French World War II hero Jean-Louis Cremieux-Brilhac, one of the first to condemn the Nazi gas chambers, died on Wednesday aged 98, President Francois Hollande announced.
A towering figure in the French Resistance, Cremieux-Brilhac also drew up the D-Day orders telling his countrymen how to react to the liberation of their country.
"The life of this great man reflects the century," Hollande said.
"A hero of the French campaign, he escaped his prisoners' camp to rally in London in 1941" alongside Charles de Gaulle's Free French army, Hollande said.
"He was one of the first to denounce the Nazi gas chambers in 1944."
Cremieux-Brilhac was born to a Jewish family on January 22, 1917 in Colombes, northwest of Paris.
As a young man, he spent many holidays in Germany where he witnessed the rise of the Nazis. He joined the army in 1939 and was taken prisoner in June.
During his stint at Radio Londres, the mouthpiece of De Gaulle's Free French army, he gave instructions to the French people ahead of the D-Day landings.
"The main message we sent was to put France in a state of general alert. And then there were specific instructions for particular sectors of the population -- like town mayors, police, factory workers and so on," Cremieux-Brilhac told the BBC in an interview last June.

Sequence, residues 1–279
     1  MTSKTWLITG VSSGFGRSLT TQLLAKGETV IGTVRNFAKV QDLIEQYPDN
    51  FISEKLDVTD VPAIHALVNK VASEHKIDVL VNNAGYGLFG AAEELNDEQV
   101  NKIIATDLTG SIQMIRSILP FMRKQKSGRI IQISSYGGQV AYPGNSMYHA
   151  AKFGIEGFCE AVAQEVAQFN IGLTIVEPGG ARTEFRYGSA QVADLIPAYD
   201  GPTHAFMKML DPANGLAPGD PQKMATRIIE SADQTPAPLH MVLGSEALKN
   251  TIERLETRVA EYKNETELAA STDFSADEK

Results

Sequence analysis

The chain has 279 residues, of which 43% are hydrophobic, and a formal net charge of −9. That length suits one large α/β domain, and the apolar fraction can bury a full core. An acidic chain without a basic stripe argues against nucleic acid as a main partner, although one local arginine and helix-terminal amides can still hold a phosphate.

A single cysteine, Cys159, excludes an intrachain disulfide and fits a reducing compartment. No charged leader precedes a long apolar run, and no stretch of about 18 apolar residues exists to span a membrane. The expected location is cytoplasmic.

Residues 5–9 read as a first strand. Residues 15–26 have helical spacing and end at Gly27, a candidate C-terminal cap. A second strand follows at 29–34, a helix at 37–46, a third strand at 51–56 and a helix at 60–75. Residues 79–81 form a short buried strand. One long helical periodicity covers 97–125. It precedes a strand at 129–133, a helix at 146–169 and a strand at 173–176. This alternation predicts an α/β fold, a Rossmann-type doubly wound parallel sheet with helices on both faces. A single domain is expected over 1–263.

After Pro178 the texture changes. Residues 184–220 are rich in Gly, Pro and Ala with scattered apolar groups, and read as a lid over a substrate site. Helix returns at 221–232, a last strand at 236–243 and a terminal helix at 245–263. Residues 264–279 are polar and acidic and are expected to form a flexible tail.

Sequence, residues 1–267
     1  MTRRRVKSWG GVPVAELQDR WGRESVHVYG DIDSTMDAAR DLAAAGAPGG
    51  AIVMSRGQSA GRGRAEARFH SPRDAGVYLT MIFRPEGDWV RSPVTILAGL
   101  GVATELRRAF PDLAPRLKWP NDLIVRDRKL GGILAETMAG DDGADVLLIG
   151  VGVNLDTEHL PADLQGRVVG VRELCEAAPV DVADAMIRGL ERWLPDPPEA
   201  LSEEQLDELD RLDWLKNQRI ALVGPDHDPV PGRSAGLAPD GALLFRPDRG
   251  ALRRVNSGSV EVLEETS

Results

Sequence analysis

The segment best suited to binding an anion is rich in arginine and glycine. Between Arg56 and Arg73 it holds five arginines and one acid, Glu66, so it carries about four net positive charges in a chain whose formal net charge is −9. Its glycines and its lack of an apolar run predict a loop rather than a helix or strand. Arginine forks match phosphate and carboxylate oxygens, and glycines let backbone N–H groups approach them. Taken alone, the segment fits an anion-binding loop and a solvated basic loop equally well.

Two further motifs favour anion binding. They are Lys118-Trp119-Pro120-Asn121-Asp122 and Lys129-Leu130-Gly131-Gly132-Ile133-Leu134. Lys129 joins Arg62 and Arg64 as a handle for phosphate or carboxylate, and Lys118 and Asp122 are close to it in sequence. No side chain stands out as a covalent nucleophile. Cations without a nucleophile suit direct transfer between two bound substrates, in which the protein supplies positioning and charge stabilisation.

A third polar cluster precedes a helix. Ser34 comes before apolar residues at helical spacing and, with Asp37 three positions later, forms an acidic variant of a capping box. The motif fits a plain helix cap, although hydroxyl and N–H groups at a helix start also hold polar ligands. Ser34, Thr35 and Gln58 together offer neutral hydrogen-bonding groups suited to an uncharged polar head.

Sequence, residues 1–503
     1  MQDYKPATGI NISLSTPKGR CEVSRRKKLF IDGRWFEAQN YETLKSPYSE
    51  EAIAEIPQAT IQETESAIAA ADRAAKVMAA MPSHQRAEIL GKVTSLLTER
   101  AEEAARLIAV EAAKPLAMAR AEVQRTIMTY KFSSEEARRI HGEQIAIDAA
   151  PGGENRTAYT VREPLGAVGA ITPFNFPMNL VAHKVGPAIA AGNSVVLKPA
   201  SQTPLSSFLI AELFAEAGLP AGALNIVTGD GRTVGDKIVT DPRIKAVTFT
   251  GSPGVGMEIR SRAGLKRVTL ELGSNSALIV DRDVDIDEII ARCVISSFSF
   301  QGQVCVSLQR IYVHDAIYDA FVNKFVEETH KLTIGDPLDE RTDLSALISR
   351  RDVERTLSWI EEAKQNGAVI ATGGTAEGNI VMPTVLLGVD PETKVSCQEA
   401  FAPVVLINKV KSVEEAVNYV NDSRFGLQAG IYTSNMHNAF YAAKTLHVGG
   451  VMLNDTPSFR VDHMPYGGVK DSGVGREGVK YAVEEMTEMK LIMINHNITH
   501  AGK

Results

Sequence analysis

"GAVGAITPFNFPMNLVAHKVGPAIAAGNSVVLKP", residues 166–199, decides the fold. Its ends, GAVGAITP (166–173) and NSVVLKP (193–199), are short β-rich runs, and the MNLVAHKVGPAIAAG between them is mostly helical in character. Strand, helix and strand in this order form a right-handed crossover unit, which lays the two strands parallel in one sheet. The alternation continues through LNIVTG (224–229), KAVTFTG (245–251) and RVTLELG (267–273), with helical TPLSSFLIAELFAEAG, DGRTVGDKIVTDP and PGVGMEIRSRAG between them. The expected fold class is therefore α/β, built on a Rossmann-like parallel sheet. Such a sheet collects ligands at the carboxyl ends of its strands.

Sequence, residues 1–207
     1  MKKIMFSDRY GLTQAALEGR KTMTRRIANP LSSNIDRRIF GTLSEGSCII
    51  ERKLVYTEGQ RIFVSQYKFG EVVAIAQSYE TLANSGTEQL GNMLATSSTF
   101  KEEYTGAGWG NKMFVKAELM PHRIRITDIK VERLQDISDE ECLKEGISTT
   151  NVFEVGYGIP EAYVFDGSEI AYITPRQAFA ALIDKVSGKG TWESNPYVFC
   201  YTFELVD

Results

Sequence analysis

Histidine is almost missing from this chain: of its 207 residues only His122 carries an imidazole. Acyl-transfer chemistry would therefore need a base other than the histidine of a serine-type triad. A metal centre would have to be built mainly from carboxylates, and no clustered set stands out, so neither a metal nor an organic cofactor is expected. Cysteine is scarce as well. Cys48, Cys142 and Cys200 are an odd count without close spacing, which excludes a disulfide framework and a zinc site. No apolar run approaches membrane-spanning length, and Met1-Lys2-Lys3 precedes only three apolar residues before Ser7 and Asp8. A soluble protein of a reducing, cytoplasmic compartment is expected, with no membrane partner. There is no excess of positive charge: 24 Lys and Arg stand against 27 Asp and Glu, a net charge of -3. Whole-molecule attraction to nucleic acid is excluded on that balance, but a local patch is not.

After the liberation in 1944 and the end of the war, Cremieux-Brilhac continued his fight for democracy and freedom, Hollande said.
"He became an historian of reference on Free France after being one of its main actors," Hollande said.
"In the tumult of history, he lived an exemplary life of commitment and duty," the president added.
Cremieux-Brilhac also worked tirelessly to make scientific research a priority in French politics.
In 1980, he returned to his war years and began to write the history of 1939-40 France to explain how the republic was weakened to the point of complete collapse and how the Free French Forces fought to restore it.
Fellow Resistance fighter Daniel Cordier paid tribute to his old comrade, who he said was "very intelligent and very reserved."
"He was a man who was very free, very open, who listened to others, understood things very quickly and whose responses were always powerful," he told AFP.